Rastafarians urge Christian Council to join marijuana reform fight to help people with criminal records

Rastafarians urge Christian Council to join marijuana reform fight to help people with criminal records

NASSAU, BAHAMAS — The House of Rastafari (HOR) yesterday called on the Bahamas Christian Council (BCC) to join the fight to help people with criminal records for minor charges of marijuana possession.

The Christian Council has expressed staunch opposition to marijuana reform and the potential introduction of a hemp industry.

On Monday, the BCC president Bishop Delton Fernander said the council is concerned that the government may be “experiencing a nudge by individuals or groups with a special interest in marijuana be they economic or otherwise”.

He added the prime minister has not mentioned, invited, or sought to date any consultation with the Bahamas Christian Council or the church within the country on these matters.

In a statement responding to the comments, Copeland “Ras Amen” Smith, Royal Ambassador of HOR said marijuana reform has the ability to “reduce crime, save lives, boost the economy via the establishment or liberation of an industry”.

“An Industry that has the potential to heal you, clothe you, and feed you.”

Smith underscored reform should not be discussed in a vacuum and should be looked at when discussing food security, health, financial services, and crime.

He argued that despite opposition by the BCC over marijuana’s psychological effects, even top scientists are divided in their conclusions on marijuana inducing psychosis.

The BCC sought to encourage the government to meet with all stakeholders before passing any laws relating to the decriminalization of small amounts of marijuana or the expungement of records of those convicted for the possession of small amounts of marijuana.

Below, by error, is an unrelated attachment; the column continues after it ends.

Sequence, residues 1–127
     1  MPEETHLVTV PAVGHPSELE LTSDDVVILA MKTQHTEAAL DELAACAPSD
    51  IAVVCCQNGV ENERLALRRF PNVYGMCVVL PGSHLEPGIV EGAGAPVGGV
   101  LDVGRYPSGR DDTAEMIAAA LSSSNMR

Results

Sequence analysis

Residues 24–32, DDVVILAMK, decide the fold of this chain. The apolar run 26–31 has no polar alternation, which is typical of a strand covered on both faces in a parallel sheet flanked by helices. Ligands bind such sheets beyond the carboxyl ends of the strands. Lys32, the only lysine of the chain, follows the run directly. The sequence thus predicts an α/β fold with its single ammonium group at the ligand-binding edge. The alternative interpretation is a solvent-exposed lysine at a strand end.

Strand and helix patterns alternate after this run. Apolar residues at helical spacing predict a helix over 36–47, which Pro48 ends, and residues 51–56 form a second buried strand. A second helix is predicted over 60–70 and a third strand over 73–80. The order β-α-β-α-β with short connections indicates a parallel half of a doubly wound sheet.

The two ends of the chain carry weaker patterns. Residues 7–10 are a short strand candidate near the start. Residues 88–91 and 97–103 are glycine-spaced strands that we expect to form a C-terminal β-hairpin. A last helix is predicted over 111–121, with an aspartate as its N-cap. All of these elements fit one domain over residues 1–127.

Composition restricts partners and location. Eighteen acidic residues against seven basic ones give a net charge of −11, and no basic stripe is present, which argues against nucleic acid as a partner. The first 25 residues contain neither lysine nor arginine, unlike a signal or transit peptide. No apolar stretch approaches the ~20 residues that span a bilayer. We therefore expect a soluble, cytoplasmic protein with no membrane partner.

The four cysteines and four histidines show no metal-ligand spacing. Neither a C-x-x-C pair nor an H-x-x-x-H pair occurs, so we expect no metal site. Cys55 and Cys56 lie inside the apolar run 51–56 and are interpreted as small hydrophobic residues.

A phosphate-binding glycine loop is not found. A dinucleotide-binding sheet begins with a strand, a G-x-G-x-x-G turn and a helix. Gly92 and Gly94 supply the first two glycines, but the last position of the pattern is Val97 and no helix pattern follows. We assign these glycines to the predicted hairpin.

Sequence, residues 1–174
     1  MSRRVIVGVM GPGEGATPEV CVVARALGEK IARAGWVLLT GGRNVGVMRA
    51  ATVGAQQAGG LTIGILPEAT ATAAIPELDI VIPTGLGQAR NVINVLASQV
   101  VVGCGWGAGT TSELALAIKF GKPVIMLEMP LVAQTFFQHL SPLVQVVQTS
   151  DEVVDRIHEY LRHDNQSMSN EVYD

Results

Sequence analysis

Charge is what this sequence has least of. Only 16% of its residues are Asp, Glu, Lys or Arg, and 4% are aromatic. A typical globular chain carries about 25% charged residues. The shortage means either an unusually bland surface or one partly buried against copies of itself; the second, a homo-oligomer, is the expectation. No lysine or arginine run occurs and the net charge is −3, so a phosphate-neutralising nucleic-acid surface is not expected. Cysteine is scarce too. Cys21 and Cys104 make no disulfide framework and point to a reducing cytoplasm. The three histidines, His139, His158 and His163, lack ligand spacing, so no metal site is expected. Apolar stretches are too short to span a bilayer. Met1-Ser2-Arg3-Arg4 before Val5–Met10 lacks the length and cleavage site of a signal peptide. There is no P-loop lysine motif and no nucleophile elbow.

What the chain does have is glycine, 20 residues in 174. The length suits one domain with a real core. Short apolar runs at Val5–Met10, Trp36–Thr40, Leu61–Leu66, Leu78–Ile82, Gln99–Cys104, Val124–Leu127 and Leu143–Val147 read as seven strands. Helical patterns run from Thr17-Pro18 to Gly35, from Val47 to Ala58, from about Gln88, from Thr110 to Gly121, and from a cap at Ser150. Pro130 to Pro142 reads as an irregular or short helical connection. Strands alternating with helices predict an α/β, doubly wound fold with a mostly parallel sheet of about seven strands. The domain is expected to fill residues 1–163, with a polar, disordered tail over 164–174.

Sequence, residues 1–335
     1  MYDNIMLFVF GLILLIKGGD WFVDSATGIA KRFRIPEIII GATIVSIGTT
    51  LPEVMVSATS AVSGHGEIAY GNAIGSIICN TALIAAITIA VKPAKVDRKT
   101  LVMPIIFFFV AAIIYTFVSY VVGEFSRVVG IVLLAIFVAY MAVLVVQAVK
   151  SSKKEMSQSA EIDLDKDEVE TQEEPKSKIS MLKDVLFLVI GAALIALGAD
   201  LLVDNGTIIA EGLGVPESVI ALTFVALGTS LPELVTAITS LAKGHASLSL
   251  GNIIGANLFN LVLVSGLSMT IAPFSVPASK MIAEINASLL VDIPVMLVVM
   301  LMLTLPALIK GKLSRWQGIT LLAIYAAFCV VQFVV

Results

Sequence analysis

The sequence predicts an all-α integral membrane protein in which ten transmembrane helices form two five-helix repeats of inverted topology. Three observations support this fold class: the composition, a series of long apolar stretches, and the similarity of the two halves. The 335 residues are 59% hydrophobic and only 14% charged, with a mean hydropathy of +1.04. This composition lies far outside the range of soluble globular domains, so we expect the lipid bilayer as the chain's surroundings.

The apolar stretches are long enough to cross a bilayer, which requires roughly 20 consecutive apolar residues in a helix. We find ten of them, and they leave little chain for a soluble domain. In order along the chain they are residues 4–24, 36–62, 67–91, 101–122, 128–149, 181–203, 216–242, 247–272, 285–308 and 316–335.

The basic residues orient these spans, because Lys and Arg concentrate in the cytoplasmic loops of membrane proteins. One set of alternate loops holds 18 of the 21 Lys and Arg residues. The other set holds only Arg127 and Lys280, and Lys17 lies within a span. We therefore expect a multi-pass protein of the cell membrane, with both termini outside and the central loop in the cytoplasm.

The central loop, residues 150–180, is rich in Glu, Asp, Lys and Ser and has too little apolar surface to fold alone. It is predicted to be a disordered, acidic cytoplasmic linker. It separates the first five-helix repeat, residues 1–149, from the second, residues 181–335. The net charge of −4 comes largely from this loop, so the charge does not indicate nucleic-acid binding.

But Smith said the issue must be addressed immediately.
“The criminal justice system that is in place right now is not a fair one, and there is a particular disadvantage based on race and based on class,” he added
“There is a racial and economic inequity in the prison system in our country and that’s something that should raise red flags for all religious faiths.
“We are our brother’s keeper. Our job is to look out for one another and to support one another when the system is failing.” 
Smith urged the council to “put your faith in action” and join the national effort to help people who have had criminal justice involvement get their lives back on track by expungement.
Will you and the Christian Council collaborate with our community justice partners to bring magistrates/judges, prosecutors, court clerks, and pro bono attorneys into the space of a sanctuary to expedite paperwork and processing, provide on-site legal counsel, and speed up the expungement process?”
The Bahamas National Commission on Marijuana (BNMC) was appointed in July 2018 after the Regional Commission on Marijuana put forward the view that in a regulated framework marijuana should be treated similarly to tobacco and alcohol.

The commission’s preliminary report was leaked to the media in January and later tabled in Parliament in early February.

Among its 24 recommendations, the BNCM has advised the government to allow individuals prescribed medical cannabis to be able to grow sufficient plants for their use; to allow tourists who are prescribed medical cannabis in their countries to obtain it in The Bahamas, and to allow the importation of regulated cannabis products for ailments.

Cannabis possession would be decriminalized up to one ounce or less for personal use for people 21 years or older and laws would be amended for the immediate expungement of small possession criminal records.

The commission stopped short of recommending the legalization of recreational marijuana, insisting that the issue needs to be explored further before a consensus can be garnered.

The Economic Recovery Committee has recommended in the executive summary of its report that a dual format of reform should be implemented, which would see the legalization of religious and medical marijuana and the decriminalization of small amounts.